The Compulsive Copyeditor

August 30, 2011

The Ambiguity of Important Words

Filed under: English is weird,vocabulary — amba12 @ 2:23 pm

. . . in English, that is.  It’s recently grabbed my attention that English perhaps uniquely leaves its most important words—such as love, work, belief—ambiguous and multivalent.  For example, Greek distinguishes between eros, agape, and philia, and maybe even more, but we use “love” for all three.  Over at Ron Fisher’s new blog The End of Work, we’ve had disagreements that have led to stimulating discussions, because we are using the word “work” simultaneously in so many different senses: effort, drudgery, energy expenditure, employment, calling (“your life’s work”), and more.  And now, in the comments at Ambiance, starting here and resuming here, I’m getting embroiled in a similar discussion about the word “belief.”

How to explain this quality of English?  It’s clear why we don’t have as many words for snow as Eskimos—we lack life-or-death need for such distinctions (and therefore, perhaps, aesthetic delight in them)—but the same cannot be said of love, work, or belief, which, in their many permutations, permeate our entire lives.  Is this a failing of English or, on some deep level, a deliberate choice?  If there is danger and confusion in this ambiguity, there’s also tremendous generative power (look how it can make us rack our brains! what’s more creative—and harder work!—than thinking about things there aren’t ready-made words for?), and also a recognition of deep, if conflicted, relationships among the many phenomena we call love . . . or work . . . or belief.

I would appreciate input from people with knowledge of other languages.  Is English really so unique in this?  If so, is it part of what has made English so hardy and adaptable?

(In Spanish, “I love you” in the romantic sense is often stated, not “Te amo” but “Te quiero”—literally, “I want you.” That at least seems honest!)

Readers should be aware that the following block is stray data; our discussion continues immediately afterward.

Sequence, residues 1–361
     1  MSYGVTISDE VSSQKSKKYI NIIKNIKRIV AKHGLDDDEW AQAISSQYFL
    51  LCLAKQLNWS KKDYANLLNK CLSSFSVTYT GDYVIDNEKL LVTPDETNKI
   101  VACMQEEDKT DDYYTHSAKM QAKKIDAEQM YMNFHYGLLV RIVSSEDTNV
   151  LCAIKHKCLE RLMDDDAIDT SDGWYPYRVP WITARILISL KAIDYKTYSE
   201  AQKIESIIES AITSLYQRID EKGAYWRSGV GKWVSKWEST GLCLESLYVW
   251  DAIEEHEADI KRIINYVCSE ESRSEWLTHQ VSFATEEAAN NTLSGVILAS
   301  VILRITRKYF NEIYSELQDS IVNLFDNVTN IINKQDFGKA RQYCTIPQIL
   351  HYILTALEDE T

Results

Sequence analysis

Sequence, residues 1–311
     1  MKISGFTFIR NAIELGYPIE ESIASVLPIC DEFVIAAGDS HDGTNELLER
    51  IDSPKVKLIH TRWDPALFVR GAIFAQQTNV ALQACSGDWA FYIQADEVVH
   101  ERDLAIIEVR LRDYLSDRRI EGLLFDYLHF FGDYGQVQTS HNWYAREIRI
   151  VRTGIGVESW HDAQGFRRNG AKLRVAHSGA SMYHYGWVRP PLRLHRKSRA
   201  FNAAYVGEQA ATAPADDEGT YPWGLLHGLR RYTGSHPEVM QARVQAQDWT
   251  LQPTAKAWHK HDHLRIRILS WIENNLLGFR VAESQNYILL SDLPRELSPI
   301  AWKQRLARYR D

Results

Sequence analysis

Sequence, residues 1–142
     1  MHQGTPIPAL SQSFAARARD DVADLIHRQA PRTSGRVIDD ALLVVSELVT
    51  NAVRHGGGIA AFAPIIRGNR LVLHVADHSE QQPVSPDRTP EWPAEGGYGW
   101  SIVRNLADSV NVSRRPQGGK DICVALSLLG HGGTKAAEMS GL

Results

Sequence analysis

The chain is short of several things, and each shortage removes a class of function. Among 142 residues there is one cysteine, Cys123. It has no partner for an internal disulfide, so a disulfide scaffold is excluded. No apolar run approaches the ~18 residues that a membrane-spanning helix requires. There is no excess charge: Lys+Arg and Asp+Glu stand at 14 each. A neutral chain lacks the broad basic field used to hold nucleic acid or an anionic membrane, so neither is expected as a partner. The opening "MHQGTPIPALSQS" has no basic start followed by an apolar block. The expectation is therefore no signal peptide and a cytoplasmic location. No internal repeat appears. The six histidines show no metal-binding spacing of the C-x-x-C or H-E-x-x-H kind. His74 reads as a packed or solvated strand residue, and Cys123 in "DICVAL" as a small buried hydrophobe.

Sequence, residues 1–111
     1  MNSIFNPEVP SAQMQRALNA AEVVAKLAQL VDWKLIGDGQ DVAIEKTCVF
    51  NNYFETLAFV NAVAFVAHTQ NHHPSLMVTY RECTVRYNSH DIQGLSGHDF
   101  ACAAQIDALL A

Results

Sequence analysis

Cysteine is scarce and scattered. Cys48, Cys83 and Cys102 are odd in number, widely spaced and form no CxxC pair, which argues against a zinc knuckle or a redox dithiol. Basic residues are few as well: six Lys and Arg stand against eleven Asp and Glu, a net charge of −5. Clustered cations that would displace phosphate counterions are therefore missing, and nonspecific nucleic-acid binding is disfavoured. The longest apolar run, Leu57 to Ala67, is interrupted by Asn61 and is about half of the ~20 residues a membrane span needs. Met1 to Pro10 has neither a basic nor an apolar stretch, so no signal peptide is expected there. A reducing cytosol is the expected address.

1. So sorry about the linky mess!! I’ve been writing so much in comments, where you still have to write out the HTML (something I got to be very adept at, and to enjoy, in the early days of AmbivaBlog), that I forgot to use WYSIWYG.

    Comment by amba (Annie Gottlieb) — August 30, 2011 @ 2:33 pm | Reply

  2. (1) If you pick up any foreign language dictionary, you will see the greatest number of entries for the most commonly used words like to do, to have, to be, etc.

    (2) As someone who looked closely at a few romance languages, it strikes me that they mainly differ in their most commonly used verbs (the so-called irregular verbs). So Italian fare “to do” is completely irregular and so is avere, “to have.” Spanish uses instead hacer and tener, which are also irregular. I see similar patterns comparing Dutch to German. Except for the irregular verbs, the languages resemble each other in systematic predictable ways, mainly orthographic spelling changes. Frequency of use seems to lead to more mutations of a word.

    (3) The fact that we can still distinguish (in English) concepts like the different kinds of love and work using the same word tells me that we’ve not lost any conceptual richness–just that we’re being economical with the words. English seems to be a very advanced language in terms of context vs. meaning.

    Comment by chickelit — August 30, 2011 @ 4:26 pm | Reply

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